Margaret Ann Freece, the daughter of “a financially impoverished polygamy family,” died a “wealthy woman” in Salina. She became a licensed physician in 1897. Her father had been excommunicated several years before her birth and she does not seem to have been a practicing Mormon but contributed to her community in an enviable number of ways including serving on the school board for nine years, providing scholarships for graduating seniors, and founding a progressive club to promote conservation, cultural, and other civic projects. Locally, she had the reputation of preferring to “boil a rock to get the grease out of it rather than buy a soup bone,” but her thriftiness seems to have been coupled with genuine competence. She was involved financially in the coal mining industry, was a director of a bank, an officer and the largest stock holder in a grain and milling company, and was one of the early directors of the first bank of Salina. She married at age fifty-four a man who died two years later.[6]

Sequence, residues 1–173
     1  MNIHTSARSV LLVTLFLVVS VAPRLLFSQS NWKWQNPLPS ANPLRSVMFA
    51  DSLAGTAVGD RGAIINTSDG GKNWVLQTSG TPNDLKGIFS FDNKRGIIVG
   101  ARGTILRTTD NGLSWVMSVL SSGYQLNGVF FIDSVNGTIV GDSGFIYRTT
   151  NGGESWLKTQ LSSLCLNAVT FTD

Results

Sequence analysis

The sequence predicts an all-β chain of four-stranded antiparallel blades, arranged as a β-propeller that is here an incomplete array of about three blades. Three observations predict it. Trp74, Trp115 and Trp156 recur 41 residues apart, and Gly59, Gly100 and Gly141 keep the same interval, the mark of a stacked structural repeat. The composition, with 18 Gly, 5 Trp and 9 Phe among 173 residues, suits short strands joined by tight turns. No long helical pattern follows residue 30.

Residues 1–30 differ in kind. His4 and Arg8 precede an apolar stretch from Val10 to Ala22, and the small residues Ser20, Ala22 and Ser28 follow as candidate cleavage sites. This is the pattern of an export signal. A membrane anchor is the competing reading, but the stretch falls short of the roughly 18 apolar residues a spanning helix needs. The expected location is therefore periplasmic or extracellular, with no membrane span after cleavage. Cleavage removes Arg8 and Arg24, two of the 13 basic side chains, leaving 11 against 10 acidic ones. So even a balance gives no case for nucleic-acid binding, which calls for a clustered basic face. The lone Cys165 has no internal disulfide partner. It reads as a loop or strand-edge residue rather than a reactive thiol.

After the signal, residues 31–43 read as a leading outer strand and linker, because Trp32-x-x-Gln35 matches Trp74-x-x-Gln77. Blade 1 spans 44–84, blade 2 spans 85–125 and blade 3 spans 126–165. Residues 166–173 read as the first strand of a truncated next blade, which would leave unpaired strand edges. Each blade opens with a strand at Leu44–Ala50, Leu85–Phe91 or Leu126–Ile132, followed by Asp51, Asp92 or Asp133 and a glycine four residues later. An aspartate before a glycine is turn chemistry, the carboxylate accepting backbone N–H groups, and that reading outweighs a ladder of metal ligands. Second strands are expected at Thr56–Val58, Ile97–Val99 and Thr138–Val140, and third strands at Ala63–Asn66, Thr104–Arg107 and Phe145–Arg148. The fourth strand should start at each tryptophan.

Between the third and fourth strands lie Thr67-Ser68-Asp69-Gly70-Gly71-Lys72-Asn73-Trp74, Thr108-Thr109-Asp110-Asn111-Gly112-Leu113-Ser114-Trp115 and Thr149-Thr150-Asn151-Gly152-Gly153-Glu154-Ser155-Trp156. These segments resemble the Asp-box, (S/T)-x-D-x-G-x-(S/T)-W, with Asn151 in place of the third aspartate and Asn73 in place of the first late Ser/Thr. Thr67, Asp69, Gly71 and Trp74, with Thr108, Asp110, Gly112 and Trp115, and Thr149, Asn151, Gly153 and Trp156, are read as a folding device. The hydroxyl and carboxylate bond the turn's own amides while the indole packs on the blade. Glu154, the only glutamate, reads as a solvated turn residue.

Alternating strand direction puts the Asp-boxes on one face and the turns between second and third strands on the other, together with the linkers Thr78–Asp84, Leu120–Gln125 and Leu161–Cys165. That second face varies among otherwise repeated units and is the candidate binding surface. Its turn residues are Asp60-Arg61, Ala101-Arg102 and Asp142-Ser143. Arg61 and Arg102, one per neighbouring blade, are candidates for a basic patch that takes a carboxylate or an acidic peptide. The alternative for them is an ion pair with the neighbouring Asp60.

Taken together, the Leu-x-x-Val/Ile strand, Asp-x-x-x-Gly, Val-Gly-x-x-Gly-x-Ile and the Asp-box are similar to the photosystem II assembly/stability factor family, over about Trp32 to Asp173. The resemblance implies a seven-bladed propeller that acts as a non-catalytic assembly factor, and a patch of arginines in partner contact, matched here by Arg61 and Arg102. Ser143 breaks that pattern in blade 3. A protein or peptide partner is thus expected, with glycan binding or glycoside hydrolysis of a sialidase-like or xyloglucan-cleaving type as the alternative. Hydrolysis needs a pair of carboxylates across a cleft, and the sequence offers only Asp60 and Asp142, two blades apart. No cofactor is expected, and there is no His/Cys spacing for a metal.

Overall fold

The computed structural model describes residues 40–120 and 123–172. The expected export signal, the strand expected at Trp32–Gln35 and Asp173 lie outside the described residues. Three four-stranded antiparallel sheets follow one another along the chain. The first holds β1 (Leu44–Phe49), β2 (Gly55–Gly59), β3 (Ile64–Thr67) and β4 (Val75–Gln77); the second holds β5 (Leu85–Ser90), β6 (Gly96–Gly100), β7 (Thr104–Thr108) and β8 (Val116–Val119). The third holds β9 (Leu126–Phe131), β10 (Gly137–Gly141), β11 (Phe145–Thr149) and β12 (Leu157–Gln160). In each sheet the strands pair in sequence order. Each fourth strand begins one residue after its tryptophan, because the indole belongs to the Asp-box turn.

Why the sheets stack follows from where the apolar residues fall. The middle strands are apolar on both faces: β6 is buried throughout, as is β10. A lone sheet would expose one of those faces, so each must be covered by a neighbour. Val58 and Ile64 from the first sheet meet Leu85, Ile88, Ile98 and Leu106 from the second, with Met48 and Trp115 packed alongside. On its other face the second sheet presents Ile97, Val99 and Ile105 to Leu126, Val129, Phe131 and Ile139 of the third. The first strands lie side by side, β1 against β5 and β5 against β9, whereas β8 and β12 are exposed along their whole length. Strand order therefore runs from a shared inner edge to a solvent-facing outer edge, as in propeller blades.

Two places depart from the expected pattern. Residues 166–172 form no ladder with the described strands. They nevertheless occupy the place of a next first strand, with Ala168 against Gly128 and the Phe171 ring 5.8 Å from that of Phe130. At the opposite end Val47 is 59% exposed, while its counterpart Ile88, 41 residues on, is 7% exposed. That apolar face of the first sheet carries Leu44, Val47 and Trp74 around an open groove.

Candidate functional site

Dr. Freece is, however, the only woman I have come across in this study who was actually wealthy. Far and away the greatest number of single women who were self-sustaining were schoolteachers. For example, of sixty-five single women called to the General Board of the YWMIA between 1948 and 1972 twenty-eight were teachers. Twenty were secretaries.[7] My mother-in-law, Ruby Johnson Anderson, commented forcefully about two of her teachers: “Ruth Rees and Ottilie Finster made it possible for me to earn my living all my life with what they taught me in their classes and I can’t say the same thing about any other classes that I took.” Ruth Rees was the home economics teacher and Ottilie Finster was the typing teacher. Both were single, and both taught at South High from 1932 until at least the early 1940s. Ruth wrote and sold a cookbook and, with her roommate, another single or possibly widowed woman, designed a dual-occupancy home that contained an “ideal kitchen.” She also caused a sensation by “dropping dead of a heart attack in her classroom one day,”[8] sparing herself the problem of a lingering, lonely death that other single woman had to face or make arrangements to avoid.